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U.S. Department of the Interior - Office of Insular Affairs
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Office Of Insular Affairs Awarded Grant For Marine Lab Project in The United States Virgin Islands

December 8, 2009
For more information please contact:
Dr. Karen Koltes 202 208-5345
Tanya Harris Joshua (202) 208-6008

Washington, D.C. – On Monday, November 23, 2009, Assistant Secretary for Insular Areas Tony Babauta awarded $1.25 million to support the proposed Salt River Bay Marine Research and Education Center (MREC) at the Salt River Bay National Heritage Park and Ecological Preserve (SARI), a unit of the National Park Service on St. Croix in the United States Virgin Islands.  Combined with earlier grants, the Department of the Interior's Office of Insular Affairs has contributed more than $2 million toward this initiative.

"Around the world, coral reefs are under stress from a variety of sources, including climate change, overfishing, damage from boats, and pollution," Babauta said at a ceremony announcing the grant at Salt River Bay.  "This is especially true in the Caribbean, where many coral reef ecosystems have faced growing threats to their very survival in the past couple of decades," he said.

"As Interior's Assistant Secretary for Insular Areas and more importantly as a fellow islander, whose people, like you, have relied on the reefs for recreation, protection, a source of food, and a way to reach back to remind ourselves of our cultural heritage and history, I have a deep concern about the decline of coral reefs," Babauta said.  "I join you in this cause and will work our partners both in the United States and abroad to conserve these fragile ecosystems through improved monitoring, research, education and on-the-ground conservation."

The grant will support the proposed $54 million research and education facility, which is being developed as a partnership project among the Joint Institute for Caribbean Marine Sciences (JICMS), the National Park Service, the Office of Insular Affairs, the Government of the Virgin Islands and National Oceanic and Atmospheric Administration (NOAA).

The JICMS is a consortium of four universities (University of North Carolina Wilmington, University of Virgin Islands, Rutgers, the State University of New Jersey, and University of South Carolina) that have worked together since 1999 to build a world class marine research and education center on St. Croix.

In addition to undergraduate and graduate courses, the MREC would provide the NPS Caribbean park units with invaluable support for research and monitoring, critical coastal and ocean resources within and surrounding the parks. The MREC would provide the Government of the Virgin Islands, the JICMS and NPS with a facility to provide and support marine education programs for local students (including a K-12 program) and enable NPS to lead public environmental education and outreach programs, from waysides to tours, and contribute to the training of resource specialists who could work for NPS or other federal agencies in the Virgin Islands.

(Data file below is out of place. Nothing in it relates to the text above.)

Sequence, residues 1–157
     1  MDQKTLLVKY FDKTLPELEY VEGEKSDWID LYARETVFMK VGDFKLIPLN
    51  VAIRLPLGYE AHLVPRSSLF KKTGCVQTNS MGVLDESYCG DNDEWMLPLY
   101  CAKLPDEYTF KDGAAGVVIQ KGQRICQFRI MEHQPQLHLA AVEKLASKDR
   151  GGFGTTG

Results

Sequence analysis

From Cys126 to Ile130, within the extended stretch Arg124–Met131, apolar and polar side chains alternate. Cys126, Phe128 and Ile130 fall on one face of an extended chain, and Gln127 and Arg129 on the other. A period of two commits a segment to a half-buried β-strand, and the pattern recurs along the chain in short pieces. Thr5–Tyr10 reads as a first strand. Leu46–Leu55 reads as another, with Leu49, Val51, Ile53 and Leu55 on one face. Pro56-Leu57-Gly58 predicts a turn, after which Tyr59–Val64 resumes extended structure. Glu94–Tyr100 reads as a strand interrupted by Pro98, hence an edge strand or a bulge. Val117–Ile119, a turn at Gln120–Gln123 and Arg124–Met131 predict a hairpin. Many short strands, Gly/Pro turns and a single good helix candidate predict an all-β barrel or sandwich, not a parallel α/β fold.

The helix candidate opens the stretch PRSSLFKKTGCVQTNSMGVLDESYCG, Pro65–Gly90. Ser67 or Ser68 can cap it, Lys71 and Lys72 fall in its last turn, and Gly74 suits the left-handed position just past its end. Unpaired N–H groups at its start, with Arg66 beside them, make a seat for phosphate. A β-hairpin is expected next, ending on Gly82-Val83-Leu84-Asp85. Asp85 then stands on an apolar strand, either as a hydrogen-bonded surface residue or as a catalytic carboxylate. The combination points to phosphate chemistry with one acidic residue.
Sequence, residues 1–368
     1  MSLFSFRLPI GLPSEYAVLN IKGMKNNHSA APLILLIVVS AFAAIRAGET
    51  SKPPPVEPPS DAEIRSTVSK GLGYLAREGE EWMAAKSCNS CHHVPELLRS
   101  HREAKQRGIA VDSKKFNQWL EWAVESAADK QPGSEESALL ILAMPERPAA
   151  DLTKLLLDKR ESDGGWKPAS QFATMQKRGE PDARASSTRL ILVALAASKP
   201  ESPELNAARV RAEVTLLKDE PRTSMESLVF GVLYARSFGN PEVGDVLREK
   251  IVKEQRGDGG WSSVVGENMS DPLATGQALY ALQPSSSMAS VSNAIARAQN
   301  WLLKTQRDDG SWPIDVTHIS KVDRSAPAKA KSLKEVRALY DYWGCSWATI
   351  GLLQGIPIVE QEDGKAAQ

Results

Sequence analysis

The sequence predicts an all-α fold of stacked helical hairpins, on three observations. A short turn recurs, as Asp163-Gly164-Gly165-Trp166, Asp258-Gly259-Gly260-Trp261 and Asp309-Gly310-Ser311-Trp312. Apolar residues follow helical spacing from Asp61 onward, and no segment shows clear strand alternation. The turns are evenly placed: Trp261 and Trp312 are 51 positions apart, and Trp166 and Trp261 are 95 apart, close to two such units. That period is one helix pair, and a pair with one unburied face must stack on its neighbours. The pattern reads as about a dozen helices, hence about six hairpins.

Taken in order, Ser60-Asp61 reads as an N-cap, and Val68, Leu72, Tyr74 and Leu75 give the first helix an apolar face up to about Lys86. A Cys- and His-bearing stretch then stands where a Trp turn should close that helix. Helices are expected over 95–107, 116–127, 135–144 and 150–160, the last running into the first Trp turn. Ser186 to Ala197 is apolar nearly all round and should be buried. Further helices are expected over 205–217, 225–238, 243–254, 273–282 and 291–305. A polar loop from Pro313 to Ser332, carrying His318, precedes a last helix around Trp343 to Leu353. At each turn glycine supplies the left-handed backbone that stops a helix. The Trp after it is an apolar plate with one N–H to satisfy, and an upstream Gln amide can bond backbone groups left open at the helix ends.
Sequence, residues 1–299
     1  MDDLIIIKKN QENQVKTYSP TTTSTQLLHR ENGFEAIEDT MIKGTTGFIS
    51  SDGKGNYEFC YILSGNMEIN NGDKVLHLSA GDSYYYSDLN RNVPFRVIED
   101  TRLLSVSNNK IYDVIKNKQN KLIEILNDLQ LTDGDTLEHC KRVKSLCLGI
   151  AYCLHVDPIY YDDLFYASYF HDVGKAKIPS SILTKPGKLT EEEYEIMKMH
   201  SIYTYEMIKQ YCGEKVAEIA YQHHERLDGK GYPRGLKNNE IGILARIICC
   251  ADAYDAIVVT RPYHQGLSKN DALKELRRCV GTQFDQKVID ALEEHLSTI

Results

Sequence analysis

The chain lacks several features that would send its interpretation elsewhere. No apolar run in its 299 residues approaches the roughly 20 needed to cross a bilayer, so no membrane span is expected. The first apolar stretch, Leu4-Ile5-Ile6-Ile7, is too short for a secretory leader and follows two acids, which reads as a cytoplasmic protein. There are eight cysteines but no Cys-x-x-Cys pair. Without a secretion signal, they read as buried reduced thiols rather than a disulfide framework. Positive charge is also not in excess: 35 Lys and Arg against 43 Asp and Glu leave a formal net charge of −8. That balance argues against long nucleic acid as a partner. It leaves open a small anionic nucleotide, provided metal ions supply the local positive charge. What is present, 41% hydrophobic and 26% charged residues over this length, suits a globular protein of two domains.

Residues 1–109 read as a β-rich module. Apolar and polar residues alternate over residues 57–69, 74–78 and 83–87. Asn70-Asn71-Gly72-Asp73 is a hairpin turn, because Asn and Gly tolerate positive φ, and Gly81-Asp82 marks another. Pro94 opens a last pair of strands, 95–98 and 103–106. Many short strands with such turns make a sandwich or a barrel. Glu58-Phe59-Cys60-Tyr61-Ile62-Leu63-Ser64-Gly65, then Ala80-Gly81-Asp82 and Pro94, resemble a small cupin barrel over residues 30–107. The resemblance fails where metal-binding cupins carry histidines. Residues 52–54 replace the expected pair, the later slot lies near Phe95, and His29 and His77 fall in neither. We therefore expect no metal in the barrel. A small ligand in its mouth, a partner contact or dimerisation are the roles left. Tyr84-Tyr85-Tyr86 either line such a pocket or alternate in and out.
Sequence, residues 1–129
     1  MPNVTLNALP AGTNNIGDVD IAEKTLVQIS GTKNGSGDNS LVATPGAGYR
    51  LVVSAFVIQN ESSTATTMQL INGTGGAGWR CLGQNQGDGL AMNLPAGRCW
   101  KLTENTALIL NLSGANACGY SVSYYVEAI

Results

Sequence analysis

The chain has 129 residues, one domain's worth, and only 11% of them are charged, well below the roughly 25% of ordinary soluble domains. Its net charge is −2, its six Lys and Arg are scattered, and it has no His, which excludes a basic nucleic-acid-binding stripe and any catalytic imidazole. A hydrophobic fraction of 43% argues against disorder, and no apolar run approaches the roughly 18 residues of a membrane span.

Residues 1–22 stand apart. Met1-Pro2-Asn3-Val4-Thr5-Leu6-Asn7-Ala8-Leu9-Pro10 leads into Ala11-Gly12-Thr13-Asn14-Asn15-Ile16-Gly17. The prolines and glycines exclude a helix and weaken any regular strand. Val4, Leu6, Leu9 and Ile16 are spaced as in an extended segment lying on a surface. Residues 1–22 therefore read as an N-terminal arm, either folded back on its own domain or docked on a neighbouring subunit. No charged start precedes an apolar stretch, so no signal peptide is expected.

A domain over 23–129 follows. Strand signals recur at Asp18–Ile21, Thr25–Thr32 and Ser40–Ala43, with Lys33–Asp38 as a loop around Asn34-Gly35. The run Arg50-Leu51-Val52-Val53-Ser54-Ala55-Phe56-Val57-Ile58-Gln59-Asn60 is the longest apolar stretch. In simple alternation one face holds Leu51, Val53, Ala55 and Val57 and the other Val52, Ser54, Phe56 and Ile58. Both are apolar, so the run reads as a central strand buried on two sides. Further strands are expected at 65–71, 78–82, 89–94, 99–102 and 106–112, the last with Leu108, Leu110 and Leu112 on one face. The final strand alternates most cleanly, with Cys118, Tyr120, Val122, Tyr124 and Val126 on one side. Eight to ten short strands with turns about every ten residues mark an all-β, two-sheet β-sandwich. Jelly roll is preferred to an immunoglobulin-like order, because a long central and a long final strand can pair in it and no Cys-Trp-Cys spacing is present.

In 1999, DOI entered into a Memorandum of Understanding with JICMS and NOAA to establish the MREC.  Through the MOU, the partners have agreed to cooperate (1) to aid in the understanding of the marine environment, including coral reef ecosystems; (2) to promote marine education and public awareness; and (3) to assist in the development of appropriate public policy within the Caribbean.

St. Croix has had a long relationship with marine research.  Marine research activities began in the late 1960s and early 1970s and provide some of the oldest available data on coral reefs.  Some of the world's leading investigators gathered these data at the former marine laboratories on St. Croix – Fairleigh Dickinson's West Indies Laboratory and the NOAA National Undersea Research Program (NURP) habitats "Hydrolab" and "Aquarius."  These scientific records are rare for their duration (approximately two decades), quality and record of reef conditions prior to the massive changes to the coral reef that began in the late 1980s.  Collectively they provide an extraordinary opportunity to compare current ecosystems trends to historic baselines.

Salt River Bay also has extensive cultural significance.  The Bay is an important archaeological site for the indigenous Tainos, with remains of two pre-historic villages and an ancient ball court.  More than 500 years ago, on November 14, 1493, Christopher Columbus' party came ashore at Salt River Bay.  It is the only site now in U.S. territory visited by Columbus' party.

In 2003, the St. Croix East End Marine Park was established as the USVI's first territorial park.  It encompasses 60 square miles, including five square miles of no-take areas, and abuts the south side of Buck Island Reef National Monument.  Together these marine park areas protect one of the largest coral reef ecosystems in the Caribbean, as well as critical foraging area and nesting beaches for the four species of sea turtle, including one of the few recovering hawksbill sea turtle nesting populations.   

The JICMS is completing a Strategic Business Plan for the MREC and is working with NPS through the Partnership Construction Process to complete a fundraising plan, raise funds for design and construction, and operate the center when it is built.